Senator Chris Dodd (D-CT) and Senator Ted Stevens (R-AK) have introduced legislation that would provide up to 8 weeks of paid benefits to employees who take leave covered by the Family and Medical Leave Act.
The Family Leave Insurance Act of 2007 (SB 1681) would establish a fund through which employees, employers, and the federal government would share the cost of providing compensation during leave for reasons allowed under the Family and Medical Leave Act.
Under the legislation, employers would pay leave benefits to employees through their regular payroll. Employers would be reimbursed by the Family Leave Insurance Fund, which the legislation would create.
Benefits would be tiered based on wages:
- 100% of weekly earnings for employees earning up to $20,000
- 75% of weekly earnings for employees earning $20,001 to $30,000
- 55% of weekly earnings for employees earning $30,001 to $60,000
- 40% of weekly earnings for employees earning $60,001 to $97,000
The legislation would require employees to pay insurance premiums for 12 months and have worked for the same employer for 12 months to receive benefits.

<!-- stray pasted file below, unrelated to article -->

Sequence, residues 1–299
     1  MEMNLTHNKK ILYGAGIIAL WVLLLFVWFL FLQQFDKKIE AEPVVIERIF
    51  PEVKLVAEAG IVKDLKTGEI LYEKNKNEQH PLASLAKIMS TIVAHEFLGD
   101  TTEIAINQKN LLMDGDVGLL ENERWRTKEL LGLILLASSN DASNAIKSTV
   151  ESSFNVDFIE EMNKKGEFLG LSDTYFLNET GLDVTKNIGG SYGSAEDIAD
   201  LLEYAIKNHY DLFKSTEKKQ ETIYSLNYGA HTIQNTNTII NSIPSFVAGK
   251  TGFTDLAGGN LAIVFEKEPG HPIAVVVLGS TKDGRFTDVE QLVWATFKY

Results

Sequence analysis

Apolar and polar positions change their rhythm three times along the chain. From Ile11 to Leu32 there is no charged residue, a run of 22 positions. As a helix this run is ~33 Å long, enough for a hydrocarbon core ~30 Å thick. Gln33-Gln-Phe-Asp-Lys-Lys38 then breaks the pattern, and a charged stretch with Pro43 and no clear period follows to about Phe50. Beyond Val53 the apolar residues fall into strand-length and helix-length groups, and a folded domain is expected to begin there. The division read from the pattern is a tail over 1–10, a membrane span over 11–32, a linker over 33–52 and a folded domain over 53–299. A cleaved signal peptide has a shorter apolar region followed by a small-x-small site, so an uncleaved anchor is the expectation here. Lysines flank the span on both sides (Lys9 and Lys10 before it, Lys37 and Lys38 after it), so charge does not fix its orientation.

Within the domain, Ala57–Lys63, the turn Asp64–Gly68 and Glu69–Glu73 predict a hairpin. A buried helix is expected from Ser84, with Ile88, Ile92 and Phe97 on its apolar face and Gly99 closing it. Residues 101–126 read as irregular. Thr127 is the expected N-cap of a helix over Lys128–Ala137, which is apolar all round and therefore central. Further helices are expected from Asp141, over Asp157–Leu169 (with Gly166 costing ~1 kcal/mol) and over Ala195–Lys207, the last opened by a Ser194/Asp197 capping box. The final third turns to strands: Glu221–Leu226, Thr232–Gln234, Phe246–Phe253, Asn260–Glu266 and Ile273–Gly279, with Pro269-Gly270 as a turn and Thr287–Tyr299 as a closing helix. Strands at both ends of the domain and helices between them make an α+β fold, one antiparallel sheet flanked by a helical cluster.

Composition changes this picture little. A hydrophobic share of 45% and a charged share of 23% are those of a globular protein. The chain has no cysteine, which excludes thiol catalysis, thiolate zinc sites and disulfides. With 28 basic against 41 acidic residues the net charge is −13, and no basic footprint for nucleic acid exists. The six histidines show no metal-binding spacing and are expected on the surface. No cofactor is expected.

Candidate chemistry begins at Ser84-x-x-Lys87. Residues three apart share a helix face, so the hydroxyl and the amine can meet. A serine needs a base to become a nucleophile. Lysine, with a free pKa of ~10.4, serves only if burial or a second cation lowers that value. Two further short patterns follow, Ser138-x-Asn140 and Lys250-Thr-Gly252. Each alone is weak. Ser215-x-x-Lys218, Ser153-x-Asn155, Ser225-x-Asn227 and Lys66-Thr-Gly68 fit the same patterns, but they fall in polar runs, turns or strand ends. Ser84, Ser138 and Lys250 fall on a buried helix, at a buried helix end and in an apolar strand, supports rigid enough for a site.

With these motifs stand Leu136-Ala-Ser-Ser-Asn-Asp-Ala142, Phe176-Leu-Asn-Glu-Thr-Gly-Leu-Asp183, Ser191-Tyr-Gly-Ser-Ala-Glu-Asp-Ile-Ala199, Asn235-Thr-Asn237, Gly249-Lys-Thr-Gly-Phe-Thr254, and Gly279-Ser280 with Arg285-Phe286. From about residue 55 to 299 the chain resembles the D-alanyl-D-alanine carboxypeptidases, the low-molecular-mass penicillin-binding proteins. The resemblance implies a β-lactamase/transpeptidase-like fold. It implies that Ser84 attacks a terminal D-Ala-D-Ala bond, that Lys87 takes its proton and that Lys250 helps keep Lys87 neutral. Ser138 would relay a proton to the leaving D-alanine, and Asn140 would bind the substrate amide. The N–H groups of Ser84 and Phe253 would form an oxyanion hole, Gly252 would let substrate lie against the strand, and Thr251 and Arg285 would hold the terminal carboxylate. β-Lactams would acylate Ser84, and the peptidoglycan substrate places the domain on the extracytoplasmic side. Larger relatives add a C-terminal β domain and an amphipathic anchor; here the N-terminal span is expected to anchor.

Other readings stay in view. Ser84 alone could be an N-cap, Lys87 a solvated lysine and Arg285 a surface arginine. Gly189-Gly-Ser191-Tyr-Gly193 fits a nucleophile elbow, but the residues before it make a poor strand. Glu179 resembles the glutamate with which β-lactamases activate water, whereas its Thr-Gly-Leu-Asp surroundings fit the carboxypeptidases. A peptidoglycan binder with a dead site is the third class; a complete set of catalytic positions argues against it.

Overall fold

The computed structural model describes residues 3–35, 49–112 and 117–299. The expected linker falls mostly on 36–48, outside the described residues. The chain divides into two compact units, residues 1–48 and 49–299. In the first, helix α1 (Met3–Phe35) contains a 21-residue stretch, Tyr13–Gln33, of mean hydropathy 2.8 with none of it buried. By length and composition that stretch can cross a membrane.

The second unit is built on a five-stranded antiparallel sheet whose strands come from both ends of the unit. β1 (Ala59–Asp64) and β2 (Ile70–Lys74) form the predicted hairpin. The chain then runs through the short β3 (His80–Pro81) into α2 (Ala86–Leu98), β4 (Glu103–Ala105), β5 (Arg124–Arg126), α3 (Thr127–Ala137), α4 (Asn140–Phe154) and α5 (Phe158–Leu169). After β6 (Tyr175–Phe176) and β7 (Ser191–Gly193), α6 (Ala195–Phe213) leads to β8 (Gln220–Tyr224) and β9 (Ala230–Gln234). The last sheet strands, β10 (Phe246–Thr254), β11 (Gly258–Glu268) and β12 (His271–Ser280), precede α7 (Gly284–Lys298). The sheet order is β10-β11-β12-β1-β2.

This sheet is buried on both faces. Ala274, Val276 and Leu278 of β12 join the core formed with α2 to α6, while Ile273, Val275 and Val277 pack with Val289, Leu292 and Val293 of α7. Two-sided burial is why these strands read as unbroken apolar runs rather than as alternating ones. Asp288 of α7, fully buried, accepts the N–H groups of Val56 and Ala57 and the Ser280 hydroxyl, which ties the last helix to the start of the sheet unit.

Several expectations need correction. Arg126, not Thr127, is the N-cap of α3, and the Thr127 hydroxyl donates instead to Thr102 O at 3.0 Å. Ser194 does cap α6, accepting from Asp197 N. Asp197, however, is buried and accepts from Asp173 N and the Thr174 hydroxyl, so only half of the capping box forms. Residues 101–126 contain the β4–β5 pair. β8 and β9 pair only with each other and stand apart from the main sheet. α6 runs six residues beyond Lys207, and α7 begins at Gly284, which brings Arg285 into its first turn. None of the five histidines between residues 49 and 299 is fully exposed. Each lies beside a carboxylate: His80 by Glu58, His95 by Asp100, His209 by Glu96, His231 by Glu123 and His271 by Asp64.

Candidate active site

Participation in the program would be mandatory for all businesses with more than 50 employees, but companies with equivalent or better benefits would be able to choose to self-insure rather than participate in the federal program.
Employees, employers, and the federal government would share the costs of the program. Both employees and employers would be required to pay a premium for the insurance, equivalent to 0.2 percent of each employee's earnings. Employers with fewer than 50 employees would be able opt in to the fund at a 50 percent discount, with premiums equivalent to 0.1 percent of earnings and the federal government paying administrative costs that are not covered by the fund.
Dodd is the author of the Family and Medical Leave Act and is running for president.
In May, lawmakers in the state of Washington created a program that will provide paid family leave to eligible employees. The state's family leave insurance program, which will begin in October 2009, will offer up to 5 weeks of benefits per year for parents to bond with a new child (a newborn or adopted).
In 2004, California became the first state to provide paid time off for workers to provide care for a child, spouse, parent, or domestic partner with a serious health condition, or to bond with a new child. The program is funded entirely by workers' contributions.